While I was taking a photo of a nicely painted building just across the street from the Panfa Leelard boat station, a man who appeared to be wearing a police uniform asked if I needed a tuktuk for temple-hopping. I asked how much it would cost and he said it was only 20 Baht. That’s less than 50 pence. I quizzed him why it was so cheap. He explained that it was the government’s incentives to tourists visiting the temples, but there’s a catch. The tuktuk would take us to a jewelry and textile shop who will give him  fuel vouchers in exchange of bringing them potential customers more accurately called prospective rip-off victims. I asked again if the tuktuk could take us to Wat Phra Kaew or the Temple of the Emerald Buddha within the grounds of the Grand Palace. He assured us that the driver would.

Believing I knew Bangkok well enough, I agreed and bit the bait. Alex and I waited for a few minutes until a tuktuk with a yellow flag in front arrived. The “man in uniform” talked to him in English telling him where we wanted to go.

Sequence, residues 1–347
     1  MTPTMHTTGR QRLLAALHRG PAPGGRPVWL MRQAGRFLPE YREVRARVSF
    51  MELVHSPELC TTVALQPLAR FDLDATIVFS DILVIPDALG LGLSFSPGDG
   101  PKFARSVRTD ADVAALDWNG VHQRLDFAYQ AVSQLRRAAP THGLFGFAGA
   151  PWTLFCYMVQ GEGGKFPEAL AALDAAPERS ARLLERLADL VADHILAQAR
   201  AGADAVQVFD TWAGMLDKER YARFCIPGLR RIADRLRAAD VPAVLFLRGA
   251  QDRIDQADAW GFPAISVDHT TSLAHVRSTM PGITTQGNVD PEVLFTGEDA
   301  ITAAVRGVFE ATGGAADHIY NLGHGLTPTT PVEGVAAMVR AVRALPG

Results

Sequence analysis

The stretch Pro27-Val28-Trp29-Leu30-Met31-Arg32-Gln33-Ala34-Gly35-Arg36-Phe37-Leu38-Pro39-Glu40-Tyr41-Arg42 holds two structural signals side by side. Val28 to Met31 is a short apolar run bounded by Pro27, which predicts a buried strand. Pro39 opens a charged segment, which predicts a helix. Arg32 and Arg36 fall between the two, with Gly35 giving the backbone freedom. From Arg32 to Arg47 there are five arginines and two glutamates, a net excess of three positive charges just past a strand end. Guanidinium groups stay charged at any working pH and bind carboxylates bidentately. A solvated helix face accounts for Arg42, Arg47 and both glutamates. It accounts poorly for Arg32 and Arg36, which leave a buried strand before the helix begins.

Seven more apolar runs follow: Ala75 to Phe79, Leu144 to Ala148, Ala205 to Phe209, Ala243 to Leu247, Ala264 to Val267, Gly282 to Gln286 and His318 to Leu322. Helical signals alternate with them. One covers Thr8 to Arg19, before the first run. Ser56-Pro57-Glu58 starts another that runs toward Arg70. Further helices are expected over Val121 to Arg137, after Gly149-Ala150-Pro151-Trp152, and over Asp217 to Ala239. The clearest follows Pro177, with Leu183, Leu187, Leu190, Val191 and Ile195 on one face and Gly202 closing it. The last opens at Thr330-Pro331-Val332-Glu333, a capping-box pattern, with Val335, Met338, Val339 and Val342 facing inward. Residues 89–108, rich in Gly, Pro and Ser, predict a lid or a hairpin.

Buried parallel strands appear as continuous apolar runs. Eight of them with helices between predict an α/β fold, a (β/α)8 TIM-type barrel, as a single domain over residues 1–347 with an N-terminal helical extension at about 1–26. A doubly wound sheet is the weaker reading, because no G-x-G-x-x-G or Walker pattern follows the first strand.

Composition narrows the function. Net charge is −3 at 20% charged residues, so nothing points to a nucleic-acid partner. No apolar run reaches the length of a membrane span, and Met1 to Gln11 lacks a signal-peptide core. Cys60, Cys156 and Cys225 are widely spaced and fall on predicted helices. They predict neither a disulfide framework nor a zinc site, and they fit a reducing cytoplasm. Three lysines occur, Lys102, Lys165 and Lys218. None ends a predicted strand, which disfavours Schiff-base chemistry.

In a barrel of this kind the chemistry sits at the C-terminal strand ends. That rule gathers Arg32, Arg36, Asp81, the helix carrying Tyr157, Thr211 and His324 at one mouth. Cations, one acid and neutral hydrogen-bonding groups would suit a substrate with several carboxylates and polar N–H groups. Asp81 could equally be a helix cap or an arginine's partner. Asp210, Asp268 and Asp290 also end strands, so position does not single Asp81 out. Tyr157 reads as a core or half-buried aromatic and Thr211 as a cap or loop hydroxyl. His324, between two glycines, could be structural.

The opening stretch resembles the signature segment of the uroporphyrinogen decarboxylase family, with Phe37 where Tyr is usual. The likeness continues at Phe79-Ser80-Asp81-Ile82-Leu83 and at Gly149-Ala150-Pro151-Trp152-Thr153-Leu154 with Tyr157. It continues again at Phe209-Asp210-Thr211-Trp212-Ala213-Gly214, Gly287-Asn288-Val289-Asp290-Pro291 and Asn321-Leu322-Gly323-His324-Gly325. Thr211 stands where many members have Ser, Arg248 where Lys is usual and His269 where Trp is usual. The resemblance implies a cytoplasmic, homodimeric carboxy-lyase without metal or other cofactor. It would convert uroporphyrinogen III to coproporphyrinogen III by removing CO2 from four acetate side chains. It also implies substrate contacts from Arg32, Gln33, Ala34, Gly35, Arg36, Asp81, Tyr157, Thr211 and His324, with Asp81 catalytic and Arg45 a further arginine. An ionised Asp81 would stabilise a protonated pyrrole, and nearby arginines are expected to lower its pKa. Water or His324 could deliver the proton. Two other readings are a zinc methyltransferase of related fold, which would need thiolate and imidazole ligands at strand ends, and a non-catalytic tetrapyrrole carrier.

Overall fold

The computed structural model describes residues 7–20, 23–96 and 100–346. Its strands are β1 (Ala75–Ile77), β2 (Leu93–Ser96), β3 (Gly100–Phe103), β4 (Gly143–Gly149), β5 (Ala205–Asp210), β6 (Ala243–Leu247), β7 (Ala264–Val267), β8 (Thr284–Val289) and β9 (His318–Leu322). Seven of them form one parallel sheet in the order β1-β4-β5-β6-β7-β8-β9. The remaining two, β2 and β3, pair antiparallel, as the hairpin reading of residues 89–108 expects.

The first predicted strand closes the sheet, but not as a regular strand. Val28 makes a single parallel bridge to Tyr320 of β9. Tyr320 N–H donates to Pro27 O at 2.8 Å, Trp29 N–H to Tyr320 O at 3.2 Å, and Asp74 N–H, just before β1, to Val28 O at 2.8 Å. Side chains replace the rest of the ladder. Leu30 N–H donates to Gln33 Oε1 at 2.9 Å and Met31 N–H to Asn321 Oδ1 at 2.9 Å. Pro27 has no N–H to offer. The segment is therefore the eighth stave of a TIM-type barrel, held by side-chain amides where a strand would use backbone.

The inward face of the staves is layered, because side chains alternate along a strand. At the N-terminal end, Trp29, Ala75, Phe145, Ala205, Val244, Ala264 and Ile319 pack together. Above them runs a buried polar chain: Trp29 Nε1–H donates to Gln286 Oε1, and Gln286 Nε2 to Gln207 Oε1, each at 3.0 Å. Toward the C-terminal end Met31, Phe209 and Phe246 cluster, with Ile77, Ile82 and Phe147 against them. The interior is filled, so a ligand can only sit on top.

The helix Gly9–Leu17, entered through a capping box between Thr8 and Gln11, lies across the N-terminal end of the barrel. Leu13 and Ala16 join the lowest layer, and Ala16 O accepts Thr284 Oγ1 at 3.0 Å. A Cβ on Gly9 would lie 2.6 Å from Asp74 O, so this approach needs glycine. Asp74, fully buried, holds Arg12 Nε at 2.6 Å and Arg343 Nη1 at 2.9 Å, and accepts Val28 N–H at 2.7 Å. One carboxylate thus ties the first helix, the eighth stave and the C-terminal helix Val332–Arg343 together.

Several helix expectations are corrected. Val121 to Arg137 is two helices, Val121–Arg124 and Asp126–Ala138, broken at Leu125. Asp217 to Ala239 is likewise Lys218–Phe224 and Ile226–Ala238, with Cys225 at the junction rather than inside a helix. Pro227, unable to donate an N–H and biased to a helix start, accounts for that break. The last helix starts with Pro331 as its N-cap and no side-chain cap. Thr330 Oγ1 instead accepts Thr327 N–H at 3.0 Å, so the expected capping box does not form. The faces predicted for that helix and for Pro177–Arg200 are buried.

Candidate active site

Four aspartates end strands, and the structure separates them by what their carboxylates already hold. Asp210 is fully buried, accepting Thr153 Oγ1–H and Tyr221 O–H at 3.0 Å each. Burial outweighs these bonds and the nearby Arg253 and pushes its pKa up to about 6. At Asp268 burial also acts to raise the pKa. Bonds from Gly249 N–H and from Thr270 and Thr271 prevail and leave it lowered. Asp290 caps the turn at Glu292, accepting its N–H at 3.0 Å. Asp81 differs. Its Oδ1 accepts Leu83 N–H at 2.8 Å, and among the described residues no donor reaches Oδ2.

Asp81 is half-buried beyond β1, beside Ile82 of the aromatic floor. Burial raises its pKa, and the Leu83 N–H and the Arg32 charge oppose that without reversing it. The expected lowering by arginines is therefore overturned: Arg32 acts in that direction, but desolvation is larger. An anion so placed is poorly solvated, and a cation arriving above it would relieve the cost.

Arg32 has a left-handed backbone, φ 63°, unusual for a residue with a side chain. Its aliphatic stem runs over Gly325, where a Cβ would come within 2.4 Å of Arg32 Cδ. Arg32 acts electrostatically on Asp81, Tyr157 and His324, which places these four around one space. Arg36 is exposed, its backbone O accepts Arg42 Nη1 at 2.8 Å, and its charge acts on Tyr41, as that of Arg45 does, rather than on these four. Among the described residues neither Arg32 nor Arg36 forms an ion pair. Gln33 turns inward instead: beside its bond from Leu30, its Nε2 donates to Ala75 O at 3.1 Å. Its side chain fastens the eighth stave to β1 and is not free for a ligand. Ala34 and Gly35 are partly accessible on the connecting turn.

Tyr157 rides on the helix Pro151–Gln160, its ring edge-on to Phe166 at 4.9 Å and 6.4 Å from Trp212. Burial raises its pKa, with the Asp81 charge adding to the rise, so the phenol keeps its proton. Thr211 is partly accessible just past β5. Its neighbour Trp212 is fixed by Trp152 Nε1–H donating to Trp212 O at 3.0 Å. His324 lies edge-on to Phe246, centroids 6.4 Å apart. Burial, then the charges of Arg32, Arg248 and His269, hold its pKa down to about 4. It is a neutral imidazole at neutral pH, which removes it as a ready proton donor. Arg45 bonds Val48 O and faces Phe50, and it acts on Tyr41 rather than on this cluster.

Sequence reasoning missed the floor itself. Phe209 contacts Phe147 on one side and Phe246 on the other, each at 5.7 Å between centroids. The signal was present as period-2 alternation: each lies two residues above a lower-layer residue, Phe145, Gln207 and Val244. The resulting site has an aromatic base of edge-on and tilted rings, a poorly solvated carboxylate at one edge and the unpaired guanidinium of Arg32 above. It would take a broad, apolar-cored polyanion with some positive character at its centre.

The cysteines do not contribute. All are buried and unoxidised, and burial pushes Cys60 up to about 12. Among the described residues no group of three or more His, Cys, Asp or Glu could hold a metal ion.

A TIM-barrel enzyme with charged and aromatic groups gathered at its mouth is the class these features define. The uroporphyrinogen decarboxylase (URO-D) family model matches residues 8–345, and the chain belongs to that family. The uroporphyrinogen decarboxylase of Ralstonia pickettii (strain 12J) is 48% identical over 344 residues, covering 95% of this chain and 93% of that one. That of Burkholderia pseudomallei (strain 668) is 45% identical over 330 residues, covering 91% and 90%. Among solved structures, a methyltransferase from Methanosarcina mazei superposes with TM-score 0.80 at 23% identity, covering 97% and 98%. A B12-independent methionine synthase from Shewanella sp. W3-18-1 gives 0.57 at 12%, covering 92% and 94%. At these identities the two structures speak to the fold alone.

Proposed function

When we got on his tuktuk, the driver said that he must first take us to the nearest temple.

To make the driver aware that I knew Bangkok like the back of my hand, I started a conversation with him. Noticing his right arm with bruise and fresh lesion, I asked him what happened in a casual tone. He said that he had an accident the night before. It made me worried a bit but I pretended to stay calm.

Suddenly, he revved up the engine so abruptly that the back wheels were almost left behind if they didn’t catch up quite quickly. Alex and I talked with our surprised eyes.


The Golden Giant Buddha

I thought I had seen all the major temples in Bangkok but there were more than I had imagined.

Wat Intharawihan or the temple itself had three massive ornate doors whose brilliance was intensified by the sun. Next to it stood the 32 metre-tall golden Buddha.

After admiring this colossal statue, our driver took us to the next stop.

The Temple of the Lucky Buddha